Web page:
Mothers and Amazons: The First Feminine History of Culture

Mothers and Amazons: The First Feminine History of CultureHelen DinerAnchor Press1973

This first feminine history of culture frankly “endeavours to remain as one-sided as possible [since] the other side is fairly well known.” Basing her study on the work of the Swiss anthropologist Bachofen and on the works of Jung and Freud, Ms. Diner examines the idea that primitive social organizations are matriarchies and that the patriarchal family is a comparatively recent development. After a demonstration of the norm in biology, mythology, the psychology of magic, and the fountainheads of social institutions, Ms. Diner takes us on a matriarchal pilgrimage across the globe, ranging from the Sumerians and Babylonians to Greece and Rome, Asia, and the Americas.

Originally published in German in 1932 under Diner’s pseudonym “Sir Galahad”, this book is remarkable for its anticipation of issues that are being widely debated today, such as “sexual politics” and the connection between the type of social system and the knowledge of the functions of the body.

Table of Contents

Chapter 1: Parthenogenesis
Chapter 2: The black and white egg mothers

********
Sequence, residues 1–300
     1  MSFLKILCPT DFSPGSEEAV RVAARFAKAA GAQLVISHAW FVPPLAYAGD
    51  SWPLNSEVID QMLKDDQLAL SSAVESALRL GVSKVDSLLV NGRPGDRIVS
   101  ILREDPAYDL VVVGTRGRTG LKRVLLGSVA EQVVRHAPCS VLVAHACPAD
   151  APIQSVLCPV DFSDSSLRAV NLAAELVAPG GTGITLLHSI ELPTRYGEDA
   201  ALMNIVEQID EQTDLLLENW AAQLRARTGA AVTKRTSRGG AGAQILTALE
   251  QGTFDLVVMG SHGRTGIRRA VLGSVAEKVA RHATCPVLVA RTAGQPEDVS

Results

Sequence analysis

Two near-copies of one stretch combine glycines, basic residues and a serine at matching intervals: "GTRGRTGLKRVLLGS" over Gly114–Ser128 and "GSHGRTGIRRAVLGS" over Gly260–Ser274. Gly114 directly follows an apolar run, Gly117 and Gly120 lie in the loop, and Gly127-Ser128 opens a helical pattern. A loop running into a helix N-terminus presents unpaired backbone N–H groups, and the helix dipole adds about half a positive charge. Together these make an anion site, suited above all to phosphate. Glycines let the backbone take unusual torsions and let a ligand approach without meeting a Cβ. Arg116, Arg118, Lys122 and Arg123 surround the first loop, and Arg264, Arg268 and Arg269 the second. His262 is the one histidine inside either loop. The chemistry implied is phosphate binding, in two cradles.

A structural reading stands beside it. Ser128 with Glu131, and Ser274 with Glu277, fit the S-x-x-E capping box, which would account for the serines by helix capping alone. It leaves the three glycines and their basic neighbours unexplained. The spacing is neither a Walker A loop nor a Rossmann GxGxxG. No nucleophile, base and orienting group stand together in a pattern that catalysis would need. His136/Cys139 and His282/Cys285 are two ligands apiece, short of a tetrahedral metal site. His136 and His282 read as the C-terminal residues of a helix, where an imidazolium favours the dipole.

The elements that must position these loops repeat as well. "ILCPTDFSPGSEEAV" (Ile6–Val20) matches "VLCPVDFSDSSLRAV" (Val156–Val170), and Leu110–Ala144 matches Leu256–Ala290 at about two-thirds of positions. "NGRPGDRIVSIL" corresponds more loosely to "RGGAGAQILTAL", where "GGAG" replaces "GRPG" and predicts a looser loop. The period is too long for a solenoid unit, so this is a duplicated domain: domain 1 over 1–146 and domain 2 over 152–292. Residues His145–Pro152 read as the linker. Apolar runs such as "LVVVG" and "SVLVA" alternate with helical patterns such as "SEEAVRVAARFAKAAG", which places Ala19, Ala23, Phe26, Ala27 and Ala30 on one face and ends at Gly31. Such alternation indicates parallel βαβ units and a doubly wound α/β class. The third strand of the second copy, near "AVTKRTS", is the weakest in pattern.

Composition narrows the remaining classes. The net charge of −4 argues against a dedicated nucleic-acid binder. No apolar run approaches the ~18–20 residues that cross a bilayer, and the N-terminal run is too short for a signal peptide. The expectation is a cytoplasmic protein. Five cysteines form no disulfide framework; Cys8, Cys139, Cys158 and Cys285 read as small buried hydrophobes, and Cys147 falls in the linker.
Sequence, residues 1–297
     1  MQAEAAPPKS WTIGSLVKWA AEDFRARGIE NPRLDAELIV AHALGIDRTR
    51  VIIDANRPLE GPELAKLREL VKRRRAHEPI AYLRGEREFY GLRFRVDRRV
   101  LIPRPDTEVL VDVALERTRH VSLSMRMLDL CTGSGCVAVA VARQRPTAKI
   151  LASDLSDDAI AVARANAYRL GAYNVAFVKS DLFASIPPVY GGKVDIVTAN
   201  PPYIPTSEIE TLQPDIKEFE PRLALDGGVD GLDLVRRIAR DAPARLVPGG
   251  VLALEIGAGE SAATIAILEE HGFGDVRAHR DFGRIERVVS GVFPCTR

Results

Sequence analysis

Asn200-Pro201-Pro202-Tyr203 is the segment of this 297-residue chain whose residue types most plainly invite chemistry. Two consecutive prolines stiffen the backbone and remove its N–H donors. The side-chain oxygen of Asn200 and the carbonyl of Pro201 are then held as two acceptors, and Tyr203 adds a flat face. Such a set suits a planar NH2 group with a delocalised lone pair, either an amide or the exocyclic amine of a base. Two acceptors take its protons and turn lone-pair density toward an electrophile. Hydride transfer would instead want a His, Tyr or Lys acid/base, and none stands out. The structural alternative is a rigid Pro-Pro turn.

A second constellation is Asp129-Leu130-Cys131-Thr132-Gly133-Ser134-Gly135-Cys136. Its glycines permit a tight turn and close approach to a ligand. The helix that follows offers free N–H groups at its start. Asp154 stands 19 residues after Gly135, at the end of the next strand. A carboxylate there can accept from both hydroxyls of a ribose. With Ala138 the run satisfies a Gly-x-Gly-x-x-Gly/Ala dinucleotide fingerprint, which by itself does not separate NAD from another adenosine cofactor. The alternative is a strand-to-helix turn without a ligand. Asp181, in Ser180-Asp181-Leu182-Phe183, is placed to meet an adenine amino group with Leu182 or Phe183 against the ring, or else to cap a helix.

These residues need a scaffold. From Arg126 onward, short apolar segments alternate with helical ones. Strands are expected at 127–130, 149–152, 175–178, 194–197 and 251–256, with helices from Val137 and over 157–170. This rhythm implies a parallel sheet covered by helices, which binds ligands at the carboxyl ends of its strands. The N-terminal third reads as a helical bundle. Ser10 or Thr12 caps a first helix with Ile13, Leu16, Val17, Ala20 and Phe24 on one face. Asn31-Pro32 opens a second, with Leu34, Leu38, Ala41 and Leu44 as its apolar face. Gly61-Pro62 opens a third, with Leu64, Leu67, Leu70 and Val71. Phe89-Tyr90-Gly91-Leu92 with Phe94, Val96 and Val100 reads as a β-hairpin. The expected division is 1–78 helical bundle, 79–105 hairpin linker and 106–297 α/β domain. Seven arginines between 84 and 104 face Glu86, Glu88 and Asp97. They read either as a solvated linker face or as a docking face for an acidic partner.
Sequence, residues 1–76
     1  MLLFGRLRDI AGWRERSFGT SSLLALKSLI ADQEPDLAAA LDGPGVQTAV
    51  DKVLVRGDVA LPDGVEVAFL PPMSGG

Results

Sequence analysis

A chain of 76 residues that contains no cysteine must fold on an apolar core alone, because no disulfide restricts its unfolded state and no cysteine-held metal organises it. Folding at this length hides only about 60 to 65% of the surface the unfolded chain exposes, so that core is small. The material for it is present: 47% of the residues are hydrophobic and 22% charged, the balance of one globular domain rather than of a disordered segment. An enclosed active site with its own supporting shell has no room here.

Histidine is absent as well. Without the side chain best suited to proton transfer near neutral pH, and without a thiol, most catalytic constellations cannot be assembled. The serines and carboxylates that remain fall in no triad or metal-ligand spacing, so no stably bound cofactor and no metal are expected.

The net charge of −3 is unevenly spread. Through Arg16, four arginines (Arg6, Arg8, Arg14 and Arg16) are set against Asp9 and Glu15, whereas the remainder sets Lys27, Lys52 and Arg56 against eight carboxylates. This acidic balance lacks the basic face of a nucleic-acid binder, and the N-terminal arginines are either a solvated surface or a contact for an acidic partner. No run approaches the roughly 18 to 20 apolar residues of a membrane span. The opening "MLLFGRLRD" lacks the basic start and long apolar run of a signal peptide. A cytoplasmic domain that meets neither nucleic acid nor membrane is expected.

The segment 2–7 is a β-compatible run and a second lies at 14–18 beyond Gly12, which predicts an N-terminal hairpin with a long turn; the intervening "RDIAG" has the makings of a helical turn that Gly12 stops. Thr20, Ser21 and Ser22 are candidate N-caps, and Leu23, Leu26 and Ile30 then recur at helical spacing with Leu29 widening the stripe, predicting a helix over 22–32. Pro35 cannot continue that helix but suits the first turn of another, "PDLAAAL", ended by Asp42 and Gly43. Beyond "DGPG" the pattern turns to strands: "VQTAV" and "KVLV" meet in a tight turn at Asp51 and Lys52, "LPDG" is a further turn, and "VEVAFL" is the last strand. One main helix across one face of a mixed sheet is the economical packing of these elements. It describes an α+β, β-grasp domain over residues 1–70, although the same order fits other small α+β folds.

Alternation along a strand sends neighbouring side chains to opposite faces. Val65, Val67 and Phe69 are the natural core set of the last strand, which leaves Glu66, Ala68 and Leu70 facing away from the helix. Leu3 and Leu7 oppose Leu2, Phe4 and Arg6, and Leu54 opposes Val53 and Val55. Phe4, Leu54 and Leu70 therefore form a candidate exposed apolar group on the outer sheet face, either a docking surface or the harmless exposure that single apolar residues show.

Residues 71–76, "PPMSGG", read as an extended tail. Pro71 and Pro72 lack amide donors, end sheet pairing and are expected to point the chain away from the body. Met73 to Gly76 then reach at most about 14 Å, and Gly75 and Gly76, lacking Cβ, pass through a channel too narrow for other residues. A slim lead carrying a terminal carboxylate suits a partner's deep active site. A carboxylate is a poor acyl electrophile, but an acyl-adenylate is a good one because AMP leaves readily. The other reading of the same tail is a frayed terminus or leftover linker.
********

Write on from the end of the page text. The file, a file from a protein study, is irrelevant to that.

… The white mother
… The black mother
… The great weaver
Chapter 3: Matriarchy
Chapter 4: The changing face of the matriarchy
Chapter 5: The symbol
… The egg
… The kauri shell
… Right-left
… Morass and field
Chapter 6: The Two
Chapter 7: Circumcision
Chapter 8: Totemism, exogamy, and matriarchy
Chapter 9: The couvade
Chapter 10: Amazons
… The themodontines
… The libyans and other Amazons
Chapter 11: Greece
Chapter 12: India
Chapter 13: China, Japan and Formosa
Chapter 14: Tibetan matriarchy
Chapter 15: The merry wives of Kamchatka
Chapter 16: The Malays
Chapter 17: North America
Chapter 18: Central and South America
Chapter 19: Egypt
Chapter 20: African Queens
Chapter 21: Lycia, Lydia, Caria, Sumeria, Babylonia
Chapter 22: Rome
Chapter 23: Celts
Chapter 24: The Teutons
Chapter 25: Theories on matriarchy
… Bachofen’s three-step theory
… The remnants theory
… Frobenius’ cultural sphere theory
… The sociological hypothesis